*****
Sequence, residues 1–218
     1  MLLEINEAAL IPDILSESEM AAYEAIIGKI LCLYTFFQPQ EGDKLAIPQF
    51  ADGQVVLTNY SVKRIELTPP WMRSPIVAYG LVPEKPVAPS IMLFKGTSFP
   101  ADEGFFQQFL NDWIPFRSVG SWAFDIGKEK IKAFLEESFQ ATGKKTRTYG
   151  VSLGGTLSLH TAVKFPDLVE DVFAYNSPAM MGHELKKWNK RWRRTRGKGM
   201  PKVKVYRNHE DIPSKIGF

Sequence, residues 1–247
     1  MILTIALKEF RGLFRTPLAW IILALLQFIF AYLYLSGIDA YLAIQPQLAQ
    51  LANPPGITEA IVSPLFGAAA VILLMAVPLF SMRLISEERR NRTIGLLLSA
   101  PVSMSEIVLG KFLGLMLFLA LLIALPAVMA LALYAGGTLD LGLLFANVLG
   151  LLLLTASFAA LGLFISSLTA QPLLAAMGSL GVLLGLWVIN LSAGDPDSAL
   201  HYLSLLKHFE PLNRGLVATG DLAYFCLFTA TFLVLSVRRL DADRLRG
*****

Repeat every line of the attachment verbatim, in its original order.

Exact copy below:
Sequence, residues 1–218
     1  MLLEINEAAL IPDILSESEM AAYEAIIGKI LCLYTFFQPQ EGDKLAIPQF
    51  ADGQVVLTNY SVKRIELTPP WMRSPIVAYG LVPEKPVAPS IMLFKGTSFP
   101  ADEGFFQQFL NDWIPFRSVG SWAFDIGKEK IKAFLEESFQ ATGKKTRTYG
   151  VSLGGTLSLH TAVKFPDLVE DVFAYNSPAM MGHELKKWNK RWRRTRGKGM
   201  PKVKVYRNHE DIPSKIGF

Sequence, residues 1–247
     1  MILTIALKEF RGLFRTPLAW IILALLQFIF AYLYLSGIDA YLAIQPQLAQ
    51  LANPPGITEA IVSPLFGAAA VILLMAVPLF SMRLISEERR NRTIGLLLSA
   101  PVSMSEIVLG KFLGLMLFLA LLIALPAVMA LALYAGGTLD LGLLFANVLG
   151  LLLLTASFAA LGLFISSLTA QPLLAAMGSL GVLLGLWVIN LSAGDPDSAL
   201  HYLSLLKHFE PLNRGLVATG DLAYFCLFTA TFLVLSVRRL DADRLRG